Estefan said Friday that the success of their personal union is due to having the same values and priorities.
“I meet him, and he landed in my lap,” she said. “We’re very different, and it keeps a good balance. The core things we rarely differ on in business or music. Our values and priorities are on the same page. It helps if you don’t fight a lot.”
Estefan said if they were both like her, they’d still be sitting on the couch playing guitar. And if they were both like Emilio, they’d have had heart attacks because of his relentless drive.
“It’s love,” Emilio said. “We were fighting for our dreams.”
The couple’s Miami Sound Machine hit it big in 1985 with Top 10 hits “Conga,” `’Words Get in the Way” and “Bad Boy.”
“We knew this would work,” Estefan said of their Latin-influenced music. “That was our biggest challenge, convincing people in charge that were in the way.”
Rita Moreno and Andy Garcia co-host the Gershwin tribute airing May 3 on PBS.
PBS is launching a weekly series that will link headline-making stories to their historical roots.
The magazine-format program, titled “Retro Report,” will be hosted by journalist Celeste Headlee and artist Masud Olufani, PBS said Friday.
Humorist Andy Borowitz, who writes for the New Yorker magazine, will contribute a weekly segment.
“Retro Report” aims to provide insights on major stories, as well as “correct the record” and expose myths, said Perry Simon, PBS’ chief programming executive.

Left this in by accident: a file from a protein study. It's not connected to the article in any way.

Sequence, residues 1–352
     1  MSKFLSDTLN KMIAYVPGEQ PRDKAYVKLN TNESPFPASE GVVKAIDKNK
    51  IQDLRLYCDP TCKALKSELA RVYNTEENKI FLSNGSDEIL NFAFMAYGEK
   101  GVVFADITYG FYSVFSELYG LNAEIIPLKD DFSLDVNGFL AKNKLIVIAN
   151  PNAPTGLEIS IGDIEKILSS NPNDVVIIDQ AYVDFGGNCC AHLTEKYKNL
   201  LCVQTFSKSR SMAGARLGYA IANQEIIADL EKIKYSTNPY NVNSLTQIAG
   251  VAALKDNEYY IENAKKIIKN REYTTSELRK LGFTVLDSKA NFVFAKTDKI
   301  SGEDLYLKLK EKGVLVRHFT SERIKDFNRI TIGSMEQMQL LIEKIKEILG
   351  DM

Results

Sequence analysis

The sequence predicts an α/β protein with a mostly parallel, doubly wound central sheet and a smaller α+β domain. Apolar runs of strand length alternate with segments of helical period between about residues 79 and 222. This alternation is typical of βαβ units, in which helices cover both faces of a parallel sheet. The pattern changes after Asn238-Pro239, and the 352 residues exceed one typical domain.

Four stories will be explored each week, with the goal of widening the discussion beyond what the scope of the 24-hour breaking news cycle, PBS said in announcing the program.
Among the topics to be explored: the connection between Colin Kaepernick’s national anthem protest and the clenched fists of the 1968 Mexico City Olympics; why the government has a multimillion-dollar program to care for wild horses because of a 50-year-old law; and why modern U.S. drug approval laws are so strict.
PBS member stations will develop separate content that focuses on local stories and history, PBS said.
The hour-long “Retro Report” will debut this fall.
Origin stories aren’t just for comic-book superheroes, as a documentary about the evolution of animals including elephants and whales intends to show.
The two-hour film will highlight the work of leading scientists worldwide and showcase “spectacular new breakthroughs in evolutionary history,” PBS programming executive Bill Gardner said in a statement.
Crocodiles and birds also are a focus of the special with the working title “When Whales Walked: A Deep Time Journey,” which will include 3D graphics and special effects to recreate vanished creatures and environments.
PBS, which initiated the project, is working in partnership with the Smithsonian Channel and Smithsonian Institution. The latter will open a new fossil hall June 8, with an educational outreach program produced by the National Museum of Natural History.
“When we marvel at the wonders of the natural world, like an elephant’s trunk or the size of a blue whale, we rarely ask, `Where did that come from?’ It turns out, scientists are finding some truly extraordinary answers,” said Charles Poe, a production executive with the Smithsonian Channel.
The documentary will debut this summer.